Research Article: Domain architecture of BAF250a reveals the ARID and ARM-repeat domains with implication in function and assembly of the BAF remodeling complex

Date Published: October 11, 2018

Publisher: Public Library of Science

Author(s): Sankaran Sandhya, Aditi Maulik, Malyasree Giri, Mahavir Singh, Wenqing Xu.


BAF250a and BAF250b are subunits of the SWI/SNF chromatin-remodeling complex that recruit the complex to chromatin allowing transcriptional activation of several genes. Despite being the central subunits of the SWI/SNF complex, the structural and functional annotation of BAF250a/b remains poorly understood. BAF250a (nearly 2200 residues protein) harbors an N-terminal DNA binding ARID (~110 residues) and a C-terminal folded region (~250 residues) of unknown structure and function, recently annotated as BAF250_C. Using hydrophobic core analysis, fold prediction and comparative modeling, here we have defined a domain boundary and associate a β-catenin like ARM-repeat fold to the C-terminus of BAF250a that encompass BAF250_C. The N-terminal DNA-binding ARID is found in diverse domain combinations in proteins imparting unique functions. We used a comparative sequence analysis based approach to study the ARIDs from diverse domain contexts and identified conserved residue positions that are important to preserve its core structure. Supporting this, mutation of one such conserved residue valine, at position 1067, to glycine, resulted in destabilization, loss of structural integrity and DNA binding affinity of ARID. Additionally, we identified a set of conserved and surface-exposed residues unique to the ARID when it co-occurs with the ARM repeat containing BAF250_C in BAF250a. Several of these residues are found mutated in somatic cancers. We predict that these residues in BAF250a may play important roles in mediating protein-DNA and protein-protein interactions in the BAF complex.

Partial Text

Chromatin remodeling complexes are specialized cellular machinery consisting of a number of proteins that work in concert, to remodel the nucleosome (histone-DNA complex) structure during various cellular processes such as transcription, replication, and repair leading to regulation of gene expression [1]. Both the histone modification enzymes and the ATP-dependent complexes play key roles in mediating this reorganization. While the former modify histones, the latter utilize ATP hydrolysis to drive the local disruption or alter association of histones with DNA. Such complexes, as observed in humans, yeast and drosophila typically involve as many as twelve to fifteen proteins [2,3]. Each protein is known to exist in more than one isoform, thus expanding the scope for the formation of a wide range of complexes that can function distinctly from each other. Indeed, it is suggested that the controlled expression of specific sub-units in various developmental stages is possibly a means to regulate the composition of individual complexes and their interactions with intended targets [4,5].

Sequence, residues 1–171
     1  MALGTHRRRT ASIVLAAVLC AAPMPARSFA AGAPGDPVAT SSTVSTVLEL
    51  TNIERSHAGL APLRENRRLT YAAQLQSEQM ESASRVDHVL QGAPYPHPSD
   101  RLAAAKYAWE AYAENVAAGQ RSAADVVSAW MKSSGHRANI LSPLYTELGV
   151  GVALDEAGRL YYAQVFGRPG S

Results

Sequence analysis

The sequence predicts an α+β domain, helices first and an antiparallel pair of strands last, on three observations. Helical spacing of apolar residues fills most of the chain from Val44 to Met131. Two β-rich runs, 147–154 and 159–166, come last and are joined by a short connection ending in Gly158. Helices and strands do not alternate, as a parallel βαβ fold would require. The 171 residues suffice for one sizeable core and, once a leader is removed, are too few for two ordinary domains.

Using hydrophobic core analysis based SEG-HCA approach, here we report several regions in BAF250a that harbor functionally important motifs, which are likely to be folded with a hydrophobic core. The predicted regions included the DNA binding ARID and a β-catenin like ARM-repeat fold containing BAF250_C domains. Using rigorous sequence and phylogenetic analysis, we showed that ARM-repeat fold in association with ARID is only found in BAF250a homologues (in ARCH2) suggesting that these two domains co-evolved in these proteins. While instances of the ARM repeat domains interacting with proteins that harbor a DNA-binding domain are known, their co-occurrence in a single protein is reported here for the first time [58,59]. We believe that these two domains co-occur to facilitate the interactions of the ARID containing proteins with other members of the SWI/SNF complex. Alignment of all ARID sequences (across all domain architectures) resulted in identification of a set of conserved residue positions that are critical for the maintenance of ARID fold. In a previous study a hydrophobic cluster was identified that consisted of conserved residues V1058, I1061, V1067, L1076, Y1096, and K1093. Here, we provide an experimental validation that mutation of a conserved residue (V1067G) results in gross destabilization of ARID fold that impairs its DNA binding functions. Using ITC experiments we showed that V1067G mutation leads to a drastic decrease (~10 fold) in the DNA binding affinity of ARID.




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